Our study has identified important process outcomes that may advance models of change mechanisms. However, our sample size was insufficient for the use of modelling techniques. As additional studies and follow-up data accumulate, we will be able to use more sophisticated analytical techniques to further evaluate these findings. Sampling limitations included possible self-selection of participants, the high drop-out rate, and non-completion of some measures by participants, as well as the possible influence of sex and culture. Sex and cultural factors did not appear to play important roles in our study, but further investigations with larger samples from specific social groups and a broader range of indices of metabolic syndrome may give a more complete picture of the influences on treatment outcome. While selection and drop-out bias may overestimate or underestimate the effects of intervention, our focus in this study was on examining treatment processes among people who completed the intervention. This group is of particular interest in clinical settings, as depression may interfere with behavioural, cognitive and biological processes associated with healthier outcomes. However, from a public health perspective, it is also important to examine factors such as depression that lead to dropping out of, choosing not to enrol in, or not engaging fully with intervention programs.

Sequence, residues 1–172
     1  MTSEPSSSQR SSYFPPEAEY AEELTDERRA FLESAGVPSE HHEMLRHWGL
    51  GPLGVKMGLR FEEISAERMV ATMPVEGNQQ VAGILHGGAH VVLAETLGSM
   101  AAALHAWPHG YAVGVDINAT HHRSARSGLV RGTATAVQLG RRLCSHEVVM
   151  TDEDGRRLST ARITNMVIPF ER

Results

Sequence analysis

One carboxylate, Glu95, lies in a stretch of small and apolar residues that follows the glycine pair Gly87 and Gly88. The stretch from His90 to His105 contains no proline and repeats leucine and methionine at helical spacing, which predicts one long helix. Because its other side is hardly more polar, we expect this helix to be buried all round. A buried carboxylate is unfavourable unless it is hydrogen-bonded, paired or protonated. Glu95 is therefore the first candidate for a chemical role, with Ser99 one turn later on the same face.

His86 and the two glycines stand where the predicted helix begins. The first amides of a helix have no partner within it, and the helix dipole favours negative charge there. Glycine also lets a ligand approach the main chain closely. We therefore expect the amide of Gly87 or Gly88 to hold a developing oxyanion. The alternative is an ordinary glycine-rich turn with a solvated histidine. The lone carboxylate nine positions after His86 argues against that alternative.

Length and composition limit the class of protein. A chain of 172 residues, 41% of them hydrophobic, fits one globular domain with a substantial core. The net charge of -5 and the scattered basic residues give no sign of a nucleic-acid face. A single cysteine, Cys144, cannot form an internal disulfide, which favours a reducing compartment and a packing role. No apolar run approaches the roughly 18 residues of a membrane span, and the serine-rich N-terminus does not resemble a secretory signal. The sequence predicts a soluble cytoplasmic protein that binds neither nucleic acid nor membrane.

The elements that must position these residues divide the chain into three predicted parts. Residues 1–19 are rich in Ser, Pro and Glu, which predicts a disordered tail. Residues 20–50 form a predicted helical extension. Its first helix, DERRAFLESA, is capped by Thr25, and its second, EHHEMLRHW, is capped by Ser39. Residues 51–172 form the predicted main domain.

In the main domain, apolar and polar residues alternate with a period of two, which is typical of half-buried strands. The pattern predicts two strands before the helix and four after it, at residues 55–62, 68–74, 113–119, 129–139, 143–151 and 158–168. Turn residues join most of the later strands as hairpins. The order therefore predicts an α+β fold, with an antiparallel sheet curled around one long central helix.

Overall, our findings support the assessment of mood problems in prediabetes and taking into consideration the effect of even mild mood problems on factors that can influence physical outcomes. Treating depression and anxiety early in lifestyle interventions may improve participation and engagement, thus helping to maximise behavioural and health-related changes in patients with prediabetes. Nonetheless, ongoing research is required to further develop and evaluate theoretical models of change mechanisms in health and mental health outcomes after early intervention for prediabetes.

1 Mean mood, anthropometric and biochemical indicators for participants at baseline, and mean change in these indicators after the intervention

Measure

No. of participants

Baseline mean (SD)

Change from baseline mean

95% CI of the change

F

Partial η2


Mood

Depression

162

6.38 (7.36)

0.95

1.94 to 0.03

3.75*

23

Anxiety

163

4.96 (6.18)

0.27

1.09 to 0.55

0.77

0.005

Biochemical indicators

Fasting plasma glucose level

120

5.90 (0.83)

0.20

0.37 to 0.03

5.34*

43

2-hour plasma glucose level

107

8.53 (1.38)

0.64

1.09 to 0.20

8.39

0.073

Anthropometric measures

Body mass index

108

29.66 (5.47)

1.26

1.61 to 0.90

48.29

311

Waist circumference

87

94.44 (12.67)

2.47

3.96 to 0.98

10.87

0.112

Cognitive measures

Self-efficacy

159